Recent statistics involving the new opioid drug addiction further show that heroin-related deaths increased 39 percent from 2012 – 2013, and the rate of heroin-related overdose deaths almost quadrupled from 2002 – 2013. 1.9 million Americans live with prescription opioid abuse or dependence; 517,000 Americans live with heroin addiction. Approximately 75 percent of people addicted to opioids will switch to heroin as a cheaper option but is recently taken over by fentanyl. There were about 8,200 deaths from opiate abuse in 2013. Today, fentanyl overdose is the leading cause of death, followed by heroin then morphine.
Sanders’ also stands on the grounds that criminalization has never been the right solution. Since 1971, the United States has been practicing incarceration as a strategy in dealing with drug abusers and addicts. The ongoing “War on Drugs” approach on incarceration over rehabilitation has long been called a failure. The current stratagem has led to the overpopulation of jails and trillions of wasted tax money.
Drug abuse and addiction has risen, not declined, despite the passing of several anti-drug policies that favored incarceration over rehabilitation. As a result, this practice has led to an excess increase in the number of inmates taken in, most of whom are individuals from low-income areas, minorities and non-violent drug offenders. A staggering $51 billion of tax payer’s money spent annually on the system has proven to be generally ineffective.According to the National Survey on Drug Use and Health, on any typical day, it is estimated that over 20 million Americans over age 12 have illicitly used a prohibited substance within the past 30 days. As that number is steadily increasing, it is distinctly clear that threatening people with criminalization is futile in trying to stop them from abusing or trafficking drugs.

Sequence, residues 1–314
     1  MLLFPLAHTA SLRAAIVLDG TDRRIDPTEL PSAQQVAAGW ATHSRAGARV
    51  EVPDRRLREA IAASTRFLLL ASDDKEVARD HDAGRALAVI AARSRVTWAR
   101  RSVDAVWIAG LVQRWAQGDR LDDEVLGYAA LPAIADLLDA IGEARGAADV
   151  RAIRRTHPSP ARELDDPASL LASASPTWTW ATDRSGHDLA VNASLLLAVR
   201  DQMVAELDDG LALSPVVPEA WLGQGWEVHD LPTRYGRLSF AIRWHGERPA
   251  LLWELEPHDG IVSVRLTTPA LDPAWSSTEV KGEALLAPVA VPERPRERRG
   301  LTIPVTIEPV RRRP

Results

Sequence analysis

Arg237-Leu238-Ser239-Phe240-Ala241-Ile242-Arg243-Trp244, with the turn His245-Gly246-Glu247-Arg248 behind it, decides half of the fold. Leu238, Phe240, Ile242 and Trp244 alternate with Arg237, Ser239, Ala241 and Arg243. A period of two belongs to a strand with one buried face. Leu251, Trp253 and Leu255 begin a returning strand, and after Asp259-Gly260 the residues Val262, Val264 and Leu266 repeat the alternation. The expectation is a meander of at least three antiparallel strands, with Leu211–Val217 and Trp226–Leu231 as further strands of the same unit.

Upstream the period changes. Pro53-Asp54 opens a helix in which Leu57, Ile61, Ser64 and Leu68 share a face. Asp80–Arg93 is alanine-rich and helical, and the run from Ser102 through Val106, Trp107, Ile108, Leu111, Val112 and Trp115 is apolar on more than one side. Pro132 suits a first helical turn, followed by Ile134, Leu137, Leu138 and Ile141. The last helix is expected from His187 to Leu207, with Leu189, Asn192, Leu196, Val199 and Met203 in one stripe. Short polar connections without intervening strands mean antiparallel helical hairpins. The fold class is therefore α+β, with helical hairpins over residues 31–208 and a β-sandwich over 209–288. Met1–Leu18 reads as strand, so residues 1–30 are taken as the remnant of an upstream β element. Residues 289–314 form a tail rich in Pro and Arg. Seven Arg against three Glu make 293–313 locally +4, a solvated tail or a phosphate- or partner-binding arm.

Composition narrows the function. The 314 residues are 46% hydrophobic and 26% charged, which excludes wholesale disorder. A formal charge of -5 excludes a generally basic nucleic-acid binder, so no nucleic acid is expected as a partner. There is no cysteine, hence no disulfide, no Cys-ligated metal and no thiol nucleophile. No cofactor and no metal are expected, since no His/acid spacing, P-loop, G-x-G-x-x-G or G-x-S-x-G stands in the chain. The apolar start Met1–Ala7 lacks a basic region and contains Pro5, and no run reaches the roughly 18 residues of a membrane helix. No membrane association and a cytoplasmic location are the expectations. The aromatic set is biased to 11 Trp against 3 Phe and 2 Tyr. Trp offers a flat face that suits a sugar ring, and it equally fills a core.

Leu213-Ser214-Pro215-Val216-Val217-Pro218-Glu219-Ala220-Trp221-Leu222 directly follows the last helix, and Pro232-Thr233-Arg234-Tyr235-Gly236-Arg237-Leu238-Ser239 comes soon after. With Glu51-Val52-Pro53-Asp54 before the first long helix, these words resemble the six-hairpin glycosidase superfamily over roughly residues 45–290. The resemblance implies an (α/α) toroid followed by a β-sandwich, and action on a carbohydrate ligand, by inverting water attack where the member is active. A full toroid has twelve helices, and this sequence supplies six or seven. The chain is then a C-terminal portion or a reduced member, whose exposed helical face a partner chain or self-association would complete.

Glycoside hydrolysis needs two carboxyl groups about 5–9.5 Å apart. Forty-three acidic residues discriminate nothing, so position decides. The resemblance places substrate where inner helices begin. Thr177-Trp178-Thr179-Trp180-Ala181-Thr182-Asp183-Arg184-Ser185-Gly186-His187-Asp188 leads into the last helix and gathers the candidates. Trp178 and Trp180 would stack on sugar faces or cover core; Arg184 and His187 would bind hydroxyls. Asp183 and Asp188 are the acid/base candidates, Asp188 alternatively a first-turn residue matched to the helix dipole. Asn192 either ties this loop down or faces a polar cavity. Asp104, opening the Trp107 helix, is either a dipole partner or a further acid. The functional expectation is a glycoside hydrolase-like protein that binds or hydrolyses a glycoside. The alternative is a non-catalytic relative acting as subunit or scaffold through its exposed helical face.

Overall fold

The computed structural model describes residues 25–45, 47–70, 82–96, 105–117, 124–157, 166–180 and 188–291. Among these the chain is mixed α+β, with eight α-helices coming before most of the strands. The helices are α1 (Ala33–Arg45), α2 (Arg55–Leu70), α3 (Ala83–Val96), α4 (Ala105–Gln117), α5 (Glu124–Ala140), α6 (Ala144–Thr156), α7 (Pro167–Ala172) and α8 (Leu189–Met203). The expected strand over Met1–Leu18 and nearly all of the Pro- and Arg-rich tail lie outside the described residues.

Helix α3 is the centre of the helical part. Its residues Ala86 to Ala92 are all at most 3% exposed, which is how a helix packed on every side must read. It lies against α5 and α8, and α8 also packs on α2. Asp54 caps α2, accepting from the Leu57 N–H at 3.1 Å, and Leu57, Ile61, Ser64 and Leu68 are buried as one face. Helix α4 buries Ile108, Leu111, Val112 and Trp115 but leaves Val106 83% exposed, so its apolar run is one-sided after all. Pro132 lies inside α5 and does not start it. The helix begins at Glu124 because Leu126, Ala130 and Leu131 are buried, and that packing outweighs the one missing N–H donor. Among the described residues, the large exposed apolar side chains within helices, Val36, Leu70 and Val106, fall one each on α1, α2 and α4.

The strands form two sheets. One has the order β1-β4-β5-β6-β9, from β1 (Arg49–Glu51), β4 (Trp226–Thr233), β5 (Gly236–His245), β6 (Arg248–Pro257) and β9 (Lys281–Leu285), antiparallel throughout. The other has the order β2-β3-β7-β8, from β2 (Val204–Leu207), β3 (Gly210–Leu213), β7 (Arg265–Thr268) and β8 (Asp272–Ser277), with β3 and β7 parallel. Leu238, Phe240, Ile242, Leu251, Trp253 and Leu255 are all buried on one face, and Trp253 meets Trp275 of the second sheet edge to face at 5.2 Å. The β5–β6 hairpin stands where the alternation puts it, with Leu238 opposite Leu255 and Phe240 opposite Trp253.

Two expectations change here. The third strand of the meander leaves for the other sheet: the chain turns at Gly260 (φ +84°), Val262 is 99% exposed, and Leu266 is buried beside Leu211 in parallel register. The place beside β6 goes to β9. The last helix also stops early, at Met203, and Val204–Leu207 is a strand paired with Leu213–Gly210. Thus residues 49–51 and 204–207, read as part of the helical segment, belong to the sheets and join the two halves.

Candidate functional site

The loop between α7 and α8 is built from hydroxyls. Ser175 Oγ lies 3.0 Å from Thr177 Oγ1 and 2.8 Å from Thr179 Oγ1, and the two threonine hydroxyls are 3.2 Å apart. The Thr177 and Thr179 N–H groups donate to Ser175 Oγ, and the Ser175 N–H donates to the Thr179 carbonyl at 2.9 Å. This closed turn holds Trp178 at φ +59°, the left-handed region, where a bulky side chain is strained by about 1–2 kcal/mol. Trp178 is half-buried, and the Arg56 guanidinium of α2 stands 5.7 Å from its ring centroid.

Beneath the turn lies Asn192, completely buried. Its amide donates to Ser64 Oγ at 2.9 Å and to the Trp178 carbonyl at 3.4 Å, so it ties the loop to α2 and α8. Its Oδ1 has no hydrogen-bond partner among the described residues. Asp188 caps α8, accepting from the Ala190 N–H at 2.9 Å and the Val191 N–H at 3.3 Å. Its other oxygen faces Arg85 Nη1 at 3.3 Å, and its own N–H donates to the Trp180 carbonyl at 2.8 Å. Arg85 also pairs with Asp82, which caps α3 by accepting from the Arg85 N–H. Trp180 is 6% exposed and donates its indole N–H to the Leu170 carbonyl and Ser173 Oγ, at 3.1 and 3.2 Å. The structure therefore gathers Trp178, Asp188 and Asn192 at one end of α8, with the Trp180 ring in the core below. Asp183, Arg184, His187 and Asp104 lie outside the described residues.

It is thought that if addiction is simply by choice, the nation would not be suffering from the current drug addiction epidemic. Chronic drug abusers are, more often, led into the predicament due to mental disabilities, traumatic experiences, medical condition and family history.
Sanders also believes that rehabilitation works as better strategy and is much cheaper than incarceration. Through rehabilitation, a person can create a better path to success instead of battling out recovery and sobriety through harsh and lonely environments.
Although rehabilitation is a tedious process, by centering on the whys and hows instead of the whats and cutting to the root problem – through collective effort, a blueprint for long-term success can be made possible. Addicts can start a new life, improve health and mend broken family bonds.
An example of which is currently producing success stories in nearly two decades of existence.
The Behavioural Health of the Palm Beaches have guided thousands of people to overcome drug addiction and remain sober. The institution has become a forerunner in the constant pursuit of new and innovative programs and treatments and are committed to ongoing research and leadership in the industry.